Question 9: I have trouble with motivation. What should I do?
Answer: Two things here. Increase your accountability and take decisive action. Motivation isn’t unlimited. It ebbs and flows and is generally unreliable. Find a stronger position to hold you accountable. Hire a coach, enroll in a new program, and collaborate with friends and family. As for decisive action, I mean to say: do something! People think that motivation precedes action when in actuality, action precedes motivation. Once you start something, you’re more likely to continue and evolve that habit. Consistent exercisers aren’t motivated. They are disciplined. They understand that fitness is a lifestyle that requires work. Not every day will be as enjoyable as the last.
Question 10: Do I need to track my calories?
Answer: That depends on your goals. If you are trying to fluctuate weight methodically, then tracking is paramount. As part of an otherwise healthy lifestyle? Then not that important. Think about it like this: If I want to create a budget to save money, I’ll start by calculating my current spending (calories). To spend less, I’ll restrict my spending (calorie deficit). Otherwise, I’ll modify certain spending habits to practice frugality. That goes for food tracking, too. Maybe you’re not tracking all your calories, but you know that alcohol and dessert contribute to the bulk of your overeating.
Question 11: How does a successful fitness experience look?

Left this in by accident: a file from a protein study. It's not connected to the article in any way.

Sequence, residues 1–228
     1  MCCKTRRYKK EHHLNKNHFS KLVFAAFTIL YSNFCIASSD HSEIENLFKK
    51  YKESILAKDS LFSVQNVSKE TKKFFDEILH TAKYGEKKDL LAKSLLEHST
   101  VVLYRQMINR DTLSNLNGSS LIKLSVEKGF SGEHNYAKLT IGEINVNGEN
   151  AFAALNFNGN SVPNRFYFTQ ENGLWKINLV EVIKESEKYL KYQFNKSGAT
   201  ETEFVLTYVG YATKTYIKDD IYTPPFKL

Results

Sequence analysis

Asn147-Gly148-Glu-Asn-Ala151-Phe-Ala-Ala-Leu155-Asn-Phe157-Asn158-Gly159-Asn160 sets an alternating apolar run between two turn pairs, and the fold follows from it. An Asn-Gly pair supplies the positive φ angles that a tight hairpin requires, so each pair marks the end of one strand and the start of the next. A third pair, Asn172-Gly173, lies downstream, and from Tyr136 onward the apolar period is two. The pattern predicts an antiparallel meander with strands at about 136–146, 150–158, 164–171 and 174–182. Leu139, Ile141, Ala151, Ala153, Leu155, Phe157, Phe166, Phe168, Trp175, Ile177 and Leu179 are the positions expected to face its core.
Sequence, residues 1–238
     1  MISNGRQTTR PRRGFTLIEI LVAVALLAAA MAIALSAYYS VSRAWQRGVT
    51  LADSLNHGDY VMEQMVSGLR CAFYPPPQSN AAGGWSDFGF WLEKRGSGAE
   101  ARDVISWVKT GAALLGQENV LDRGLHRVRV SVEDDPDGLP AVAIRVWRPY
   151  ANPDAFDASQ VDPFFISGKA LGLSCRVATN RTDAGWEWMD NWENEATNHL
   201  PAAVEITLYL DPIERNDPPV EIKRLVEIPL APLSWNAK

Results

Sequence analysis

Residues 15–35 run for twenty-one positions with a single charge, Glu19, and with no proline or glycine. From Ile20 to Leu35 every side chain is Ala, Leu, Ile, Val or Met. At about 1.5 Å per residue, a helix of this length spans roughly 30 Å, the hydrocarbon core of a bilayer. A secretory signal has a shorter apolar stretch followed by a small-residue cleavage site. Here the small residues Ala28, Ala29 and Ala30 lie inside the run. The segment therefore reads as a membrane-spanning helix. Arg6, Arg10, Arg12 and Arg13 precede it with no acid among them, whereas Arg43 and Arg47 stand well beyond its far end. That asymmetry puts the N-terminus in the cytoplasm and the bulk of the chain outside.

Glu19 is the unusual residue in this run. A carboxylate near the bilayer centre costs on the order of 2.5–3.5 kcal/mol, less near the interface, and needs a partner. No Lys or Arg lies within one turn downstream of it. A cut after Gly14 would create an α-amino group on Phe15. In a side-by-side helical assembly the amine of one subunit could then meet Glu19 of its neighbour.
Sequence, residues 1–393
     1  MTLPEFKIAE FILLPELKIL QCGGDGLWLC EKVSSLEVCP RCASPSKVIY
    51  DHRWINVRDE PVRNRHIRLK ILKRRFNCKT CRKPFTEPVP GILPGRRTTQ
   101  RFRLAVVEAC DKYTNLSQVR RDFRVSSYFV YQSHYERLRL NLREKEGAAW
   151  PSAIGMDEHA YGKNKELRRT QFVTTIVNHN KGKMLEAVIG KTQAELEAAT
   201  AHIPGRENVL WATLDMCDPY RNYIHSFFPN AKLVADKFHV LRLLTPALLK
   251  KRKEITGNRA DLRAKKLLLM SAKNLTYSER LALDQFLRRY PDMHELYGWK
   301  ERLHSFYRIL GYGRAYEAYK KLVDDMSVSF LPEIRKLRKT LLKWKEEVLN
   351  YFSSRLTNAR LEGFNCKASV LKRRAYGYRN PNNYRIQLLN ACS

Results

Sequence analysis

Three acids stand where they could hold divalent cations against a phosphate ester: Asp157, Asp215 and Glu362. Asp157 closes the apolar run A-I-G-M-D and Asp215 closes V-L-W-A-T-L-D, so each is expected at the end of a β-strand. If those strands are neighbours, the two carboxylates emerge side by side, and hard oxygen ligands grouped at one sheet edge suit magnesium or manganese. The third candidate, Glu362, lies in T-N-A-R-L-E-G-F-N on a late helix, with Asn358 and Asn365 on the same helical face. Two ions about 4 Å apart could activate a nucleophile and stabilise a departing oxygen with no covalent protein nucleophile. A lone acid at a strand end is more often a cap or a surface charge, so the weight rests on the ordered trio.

Answer: It starts with clearly defined expectations and goals. These will be open to modification as you progress, but you should have them set in the beginning. Everybody will have a unique experience. However, the underlying theme should involve incorporating fitness and health into your lifestyle.
Questions to consider when addressing your fitness experience:
1) Am I making progress toward my goals?
2) What do I know now that I didn’t know in the beginning?
3) What changes have I seen in my body and behaviors?
Question 12: What are appropriate goals to have?
Answer: You’ll notice a theme with these questions. Many of them depend on preferences. That’s why we love fitness! It’s highly personal. You’d do well to have a blend of fitness goals: performance, aesthetics, and lifestyle. If that’s not specific enough, imagine your life 3-5 years from now. How do you want to look? Feel? What do you want to do?
You can set short-term (3-6 months) goals to help you reach your long-term vision. Adopt the mindset of “improving health.” That’s to say, make daily decisions guided by that north star of health and your quest to optimize it.